CoaXPress v2.0 addresses need for speed
Chris Beynon, Active Silicon’s CTO and technical chair for the CoaXPress standard, gives an update on what’s new in version 2.0
In June the Japan Industrial Imaging Association (JIIA) released CoaXPress v2.0 and components supporting it are now coming to market. Adopted as an official JIIA standard in 2010, CoaXPress remains the best option for applications requiring data rates over 5Gb/s or demanding complex triggering. The latest specification brings several advantages to machine vision systems.
The first is speed. In order to support the fastest cameras on the market, CoaXPress 2.0 increases the existing speed of 6.25Gb/s per link to 10Gb/s (CXP-10) or 12.5Gb/s (CXP-12). Links can be concatenated, so a four-link frame grabber can now transfer data at 50Gb/s, much faster than the 5Gb/s of USB3 Vision or 10Gb/s of 10 GigE Vision. Additionally, CoaXPress is a technology designed specifically for machine vision and is therefore more reliable than USB3 Vision or 10 GigE Vision, providing continuous and sustained data rates.
The uplink speed has also been doubled for version 2.0 to 42Mb/s, enabling trigger rates over 500kHz without the additional cost of a dedicated high-speed uplink. The precise, real-time triggering capability of CoaXPress, with camera control and digital video options all over one cable, make the standard ideal for high-speed line scan and area scan applications, such as flat panel and PCB inspection.
Version 2.0 also enables a single camera to send data to more than one frame grabber, even supporting boards in different PCs. An enormous benefit of CoaXPress is the extended cable lengths that are possible – high-quality data transmission is proven at 40m for CXP-12, compared to around 10m for Camera Link and 16m for USB3. With the facilitation of multiple destinations, how data is moved around a vision system is now even more flexible.
GenICam-compliant event packets have been added to v2.0, to allow the camera to send status information to the frame grabber, for example, start of exposure. It still includes GenTL for a plug-and-play experience and will soon add the GenDC standard for streaming complex data types.
The preferred connector for version 2.0 is the micro-BNC, also known as HD-BNC. The transceiver chipset used in CoaXPress frame grabbers uses a cable driver at the camera and an equaliser chip at the frame grabber, connecting directly to a serialiser or deserialiser (SERDES), which are built into most FPGAs. Together, these parts are extremely compact and offer a low-power solution. Power-over-CoaXPress remains at 13W per cable.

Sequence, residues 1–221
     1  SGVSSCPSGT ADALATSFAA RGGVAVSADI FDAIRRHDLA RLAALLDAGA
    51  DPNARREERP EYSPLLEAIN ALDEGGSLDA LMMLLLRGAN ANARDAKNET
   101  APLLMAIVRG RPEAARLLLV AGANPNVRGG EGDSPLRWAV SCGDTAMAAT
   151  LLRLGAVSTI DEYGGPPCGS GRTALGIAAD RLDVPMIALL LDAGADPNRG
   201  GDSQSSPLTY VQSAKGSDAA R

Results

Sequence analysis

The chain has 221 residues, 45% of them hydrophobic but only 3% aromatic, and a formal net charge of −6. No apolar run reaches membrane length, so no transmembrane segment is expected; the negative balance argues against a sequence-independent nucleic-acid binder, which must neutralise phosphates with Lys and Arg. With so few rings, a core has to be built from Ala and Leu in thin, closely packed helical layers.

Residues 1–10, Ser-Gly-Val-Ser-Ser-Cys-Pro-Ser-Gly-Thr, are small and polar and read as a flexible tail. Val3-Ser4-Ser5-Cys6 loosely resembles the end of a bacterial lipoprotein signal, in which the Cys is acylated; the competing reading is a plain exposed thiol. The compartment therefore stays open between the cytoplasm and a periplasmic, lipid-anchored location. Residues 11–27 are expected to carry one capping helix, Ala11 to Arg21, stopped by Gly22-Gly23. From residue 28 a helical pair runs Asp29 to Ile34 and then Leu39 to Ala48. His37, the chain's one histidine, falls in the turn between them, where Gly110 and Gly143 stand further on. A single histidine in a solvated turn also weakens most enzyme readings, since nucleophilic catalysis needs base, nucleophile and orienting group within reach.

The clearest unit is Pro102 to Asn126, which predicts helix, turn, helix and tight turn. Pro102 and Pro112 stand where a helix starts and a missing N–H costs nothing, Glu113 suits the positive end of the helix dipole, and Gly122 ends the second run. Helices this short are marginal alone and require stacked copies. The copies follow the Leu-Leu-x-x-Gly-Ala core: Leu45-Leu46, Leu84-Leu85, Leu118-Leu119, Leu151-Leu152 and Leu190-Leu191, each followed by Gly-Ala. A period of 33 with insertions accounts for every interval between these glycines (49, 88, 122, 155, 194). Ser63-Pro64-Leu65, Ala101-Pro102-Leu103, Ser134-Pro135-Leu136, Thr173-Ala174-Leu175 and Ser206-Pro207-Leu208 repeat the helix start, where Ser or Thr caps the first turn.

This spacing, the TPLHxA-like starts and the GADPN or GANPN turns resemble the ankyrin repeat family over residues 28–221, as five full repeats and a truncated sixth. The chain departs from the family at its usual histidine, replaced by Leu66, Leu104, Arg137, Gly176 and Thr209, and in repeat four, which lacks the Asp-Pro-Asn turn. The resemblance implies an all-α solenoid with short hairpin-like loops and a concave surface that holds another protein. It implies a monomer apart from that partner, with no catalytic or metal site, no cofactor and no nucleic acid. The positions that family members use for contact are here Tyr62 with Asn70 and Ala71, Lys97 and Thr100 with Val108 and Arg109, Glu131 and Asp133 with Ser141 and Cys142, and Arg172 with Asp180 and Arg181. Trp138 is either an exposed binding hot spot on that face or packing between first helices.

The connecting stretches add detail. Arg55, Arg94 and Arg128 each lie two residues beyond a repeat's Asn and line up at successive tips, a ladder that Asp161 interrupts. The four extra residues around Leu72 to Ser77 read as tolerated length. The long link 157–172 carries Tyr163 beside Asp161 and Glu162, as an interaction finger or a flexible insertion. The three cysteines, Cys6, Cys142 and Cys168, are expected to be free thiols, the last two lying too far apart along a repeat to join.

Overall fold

News from IVSM
Technical committees came together in Stresa, Italy for the International Vision Standards Meeting (IVSM) in early October. This is the biannual forum to evaluate all the standards and plan for the future. The meeting included the first CoaXPress plug-fest following the release of CoaXPress v2.0, and a very pleasing 24 combinations of camera and frame grabber products passed interoperability tests at CXP-12. Frederik Voncken, of Adimec, was appointed technical vice-chair of CoaXPress. Macom and Microchip, the two physical layer suppliers, added their input to conclude the meeting.
The roadmap for CoaXPress was also discussed at the meeting and a draft text for the next release, 2.1, was reviewed. The main change was the addition of support for GenDC, which will allow CoaXPress to send more complex image formats such as 3D. Version 2.1 is planned to be released in Q1 2020. Looking further ahead, faster speeds will be demanded by the industry and, at speeds above 20Mb/s, optical is the way forward. Therefore, an elegant proposal was presented to the committee to map existing well-proven CoaXPress protocol to XGMII, to allow use of existing – and future – Ethernet physical layer components.
As a dedicated machine vision standard, CoaXPress has been widely adopted into applications including industrial inspection, life science, surveillance, aerospace and medical imaging. It is proven to be more robust and reliable than USB3 or GigE, and offers far higher speeds and much longer cable lengths than Camera Link. The appeal of a single, flexible and cost-effective cable to transfer all data and power is a definite advantage for integration into existing systems.
One of Active Silicon’s customers in vision-assisted surgery has summed up its appeal: ‘The specific benefit for us with CoaXPress is the ability to run long cables outside the treatment environment, as we have seen PC failures in such a harsh environment. Our latest specification camera can only operate at three metres over Camera Link, but we have had no problem at 45 metres with CoaXPress.’
Furthermore, as the components become smaller and speeds increase, the appeal of CoaXPress is growing outside traditional sectors. Robotics, automotive and aerospace applications are now enjoying the benefits of faster, more adaptable and more reliable image acquisition. The use of a frame grabber maximises CPU capacity for other processing tasks – a must for the world of Industry 4.0.
Several manufacturers are now introducing CXP-12 products to the market. Active Silicon’s FireBird frame grabbers support the fast vision systems, using DMA Engine technology, ActiveDMA. This technical innovation applies Risc-based processor techniques and guarantees high speed, low-latency image data transfers and zero CPU intervention. With hardware like this, vision systems can be introduced or upgraded at low cost, adding enhanced imaging capability across a wide range of sectors